The stories change, but the business plan remains the same. The organizational sail may have to be reefed in, let out, or recut to fit the shifting winds of public opinion, but it will always be bent to the twisted timber of the direct mail business. And why is that? Simple. It's because direct mail is core the business of the Humane Society of the U.S.

The bottom line is the bottom line. Wayne Pacelle and his direct mail contractors know they are dependent upon the age-old "say anything" and "do nothing" strategy of all direct mail mills.

The trick is to say anything to keep direct mail returns up, and to do as little as possible that will actually cost any real money beyond the needs of the direct mail machine, and the salary needs of a dozen top HSUS executives.

One way a direct mail organization like HSUS can fool people into thinking they are doing something is to FAKE IT by taking credit for the work being done by others.

That is what Mr. Pacelle and his organization are now doing when it comes to the push to No Kill shelters. Gina says Wayne Pacelle sounds like he is “channeling Maddie’s Fund.” She is being far too kind. In reality Mr. Pacelle is engaged in the intellectual and moral theft of the work of others.

Mr. Pacelle is trying to steal success he did not earn, even as he tries to marginalize those who are actually leading the push for substantive change.

The good news is that HSUS is apparently feeling the heat.

The bad news is that it can never see the light, because it is welded to a direct mail mill business plan based on words, rather than direct action where it really counts.

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  • READ This Related Post about how the "humane" movement in the U.S. came to be at the forefront of killing over 5 million dogs and cats a year ... and why they continue to ignore ways of changing the way they do business. Read >> Beyond the "Blue Solution" of Dog Shelter Death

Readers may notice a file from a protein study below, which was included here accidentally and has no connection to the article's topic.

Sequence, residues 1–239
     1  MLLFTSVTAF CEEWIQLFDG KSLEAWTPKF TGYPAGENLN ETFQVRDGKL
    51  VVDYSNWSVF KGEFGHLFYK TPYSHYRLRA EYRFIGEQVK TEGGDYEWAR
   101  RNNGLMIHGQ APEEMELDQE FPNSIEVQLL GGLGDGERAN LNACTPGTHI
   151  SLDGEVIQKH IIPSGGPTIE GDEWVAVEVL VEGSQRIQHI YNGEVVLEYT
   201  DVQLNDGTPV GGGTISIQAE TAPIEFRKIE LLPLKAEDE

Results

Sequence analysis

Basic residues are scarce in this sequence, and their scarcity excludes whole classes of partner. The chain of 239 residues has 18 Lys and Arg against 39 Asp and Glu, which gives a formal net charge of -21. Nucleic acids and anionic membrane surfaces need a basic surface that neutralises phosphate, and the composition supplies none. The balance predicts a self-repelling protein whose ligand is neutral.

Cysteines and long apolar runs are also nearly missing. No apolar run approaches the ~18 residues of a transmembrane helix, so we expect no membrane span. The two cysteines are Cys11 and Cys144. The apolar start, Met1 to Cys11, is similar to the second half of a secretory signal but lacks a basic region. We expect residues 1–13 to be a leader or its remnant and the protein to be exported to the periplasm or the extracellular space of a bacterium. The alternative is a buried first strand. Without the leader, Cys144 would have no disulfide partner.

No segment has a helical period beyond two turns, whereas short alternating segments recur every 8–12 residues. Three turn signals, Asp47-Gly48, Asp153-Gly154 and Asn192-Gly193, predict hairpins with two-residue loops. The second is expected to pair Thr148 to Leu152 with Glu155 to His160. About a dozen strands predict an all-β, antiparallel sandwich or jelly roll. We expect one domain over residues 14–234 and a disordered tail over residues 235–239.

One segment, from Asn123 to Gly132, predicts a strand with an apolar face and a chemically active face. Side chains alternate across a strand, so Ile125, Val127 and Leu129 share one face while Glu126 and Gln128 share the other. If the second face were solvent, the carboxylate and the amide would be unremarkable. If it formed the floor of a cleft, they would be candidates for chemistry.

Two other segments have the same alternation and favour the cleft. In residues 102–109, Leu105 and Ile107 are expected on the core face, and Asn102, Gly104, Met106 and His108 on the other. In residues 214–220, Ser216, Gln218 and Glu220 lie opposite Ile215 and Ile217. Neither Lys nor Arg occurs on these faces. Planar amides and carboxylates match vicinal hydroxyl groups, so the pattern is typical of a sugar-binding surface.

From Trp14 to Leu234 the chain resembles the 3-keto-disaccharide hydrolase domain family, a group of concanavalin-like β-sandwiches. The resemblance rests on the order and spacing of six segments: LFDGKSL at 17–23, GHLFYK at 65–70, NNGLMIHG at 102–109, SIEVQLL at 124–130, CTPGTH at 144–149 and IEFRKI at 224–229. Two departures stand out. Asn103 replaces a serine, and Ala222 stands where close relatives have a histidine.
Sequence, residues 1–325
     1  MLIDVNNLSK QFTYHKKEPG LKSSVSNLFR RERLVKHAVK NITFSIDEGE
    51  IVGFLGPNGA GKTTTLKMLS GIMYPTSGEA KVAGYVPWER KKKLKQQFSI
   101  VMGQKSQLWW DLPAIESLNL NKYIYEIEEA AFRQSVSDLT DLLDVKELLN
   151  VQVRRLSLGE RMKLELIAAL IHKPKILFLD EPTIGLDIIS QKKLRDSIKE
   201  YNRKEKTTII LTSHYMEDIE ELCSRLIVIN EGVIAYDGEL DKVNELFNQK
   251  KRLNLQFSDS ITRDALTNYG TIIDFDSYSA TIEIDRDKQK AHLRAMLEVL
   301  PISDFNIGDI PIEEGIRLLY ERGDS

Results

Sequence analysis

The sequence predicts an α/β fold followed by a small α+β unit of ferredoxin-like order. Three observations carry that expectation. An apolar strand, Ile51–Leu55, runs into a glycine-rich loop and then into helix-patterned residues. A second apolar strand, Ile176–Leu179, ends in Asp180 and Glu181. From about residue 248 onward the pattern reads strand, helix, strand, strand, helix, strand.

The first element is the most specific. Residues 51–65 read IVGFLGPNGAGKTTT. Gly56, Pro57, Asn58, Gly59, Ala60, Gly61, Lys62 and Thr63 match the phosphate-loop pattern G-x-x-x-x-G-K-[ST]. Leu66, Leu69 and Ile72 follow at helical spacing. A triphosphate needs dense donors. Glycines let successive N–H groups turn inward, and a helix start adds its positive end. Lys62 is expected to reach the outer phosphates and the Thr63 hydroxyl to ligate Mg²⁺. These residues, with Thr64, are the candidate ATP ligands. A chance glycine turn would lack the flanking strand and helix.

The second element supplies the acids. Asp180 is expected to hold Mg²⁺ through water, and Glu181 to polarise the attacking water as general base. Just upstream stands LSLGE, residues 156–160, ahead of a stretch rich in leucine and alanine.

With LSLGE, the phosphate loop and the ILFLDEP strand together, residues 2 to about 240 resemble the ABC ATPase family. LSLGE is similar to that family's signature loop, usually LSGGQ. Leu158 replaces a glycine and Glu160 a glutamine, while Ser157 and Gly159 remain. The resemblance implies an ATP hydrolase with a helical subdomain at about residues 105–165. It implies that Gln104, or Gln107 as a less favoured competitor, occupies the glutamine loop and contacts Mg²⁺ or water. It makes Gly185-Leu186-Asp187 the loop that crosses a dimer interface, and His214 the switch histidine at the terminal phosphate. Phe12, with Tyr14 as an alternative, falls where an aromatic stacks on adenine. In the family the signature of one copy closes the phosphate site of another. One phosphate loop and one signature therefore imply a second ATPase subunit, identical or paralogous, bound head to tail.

Anonymous said...

H$U$ fundraising is directed at supporting their ideology, not helping animals.

They lobby at all levels of government for breed bans and onerous regulations as part of their openly stated goal of eliminating domestic animal husbandry. They insinuate themselves into the process, pretending to negotiate on behalf of animal owners. They don't speak for us and nobody appointed them to represent us.

Louisville, Alburquerque, California and more - you don't have to dig deeply to find them there. In fact, they brag about it.

They are very closely aligned with Peta. Most of these organizations are interconnected.

The H$U$ was taken over through the purchase of a large number of memberships by the AR crowd. They attended the AGM and voted their people onto the BOD.

Due to their miscalculation over the Vick case, more members of the public are becoming aware of the H$U$ MO.

They piggyback onto current issues, such as Katrina or the Vick thing and pretend to be fundraising to 'help the animals'.

In the Vick matter, they also claimed that they had been involved in the investigation. Untrue according to State officials. They were also not remotely involved in caring for the seized dogs. In fact, as usual, both Peta and H$U$ advocated that the dogs be killed, since 'fighting dogs' cannot be rehabbed, in their esteemed opinion.

Anything that makes dogs seem dangerous suits these groups. They want dogs to be 'free' to live as pariahs, despite the millennia-old association of dogs with humans.

I'm hoping that we will see the end of these AR groups and in my personal opinion, H$U$ should lose its charitable status.

They are anything but a charity. They are a political lobby group for the AR movement, well funded by innocent people who believe their propaganda.

Sharyn Hutchens said...

The good news is how quickly the word is spreading. We have a website and email list to help pet owners solve problems with their dogs. As recently as six or seven years ago, I had a link from that site to something innocuous on the HSUS site. I don't remember what, something about training, I would imagine. I received one response asking me to please remove it, that HSUS was animal rights oriented, etc. I did some research and removed it. Now if I were to put a link to HSUS on our site, I would receive dozens of responses, most of them not very nice! On our Pet-Law email list, we once spent days educating new members about HSUS. Now most of them come in knowing the story and ready to fight. It's getting better. People are learning the truth. We just need more people like Terrierman spreading the word. We have been fighting HSUS and its spores in the legislature in Virginia for years and mostly succeeding. This year, now that they have announced that "Virginia is for puppy mills," we take off the gloves.

Sharyn Hutchens

BorderWars said...

You've mentioned this elsewhere, Patrick, but it's worth saying again, the HSUS is the largest anti-Hunting, anti-Fishing, anti-Trapping lobby in the USA.

I'm sure it doesn't take much to construe that as the largest anti-Terrierman lobby as well.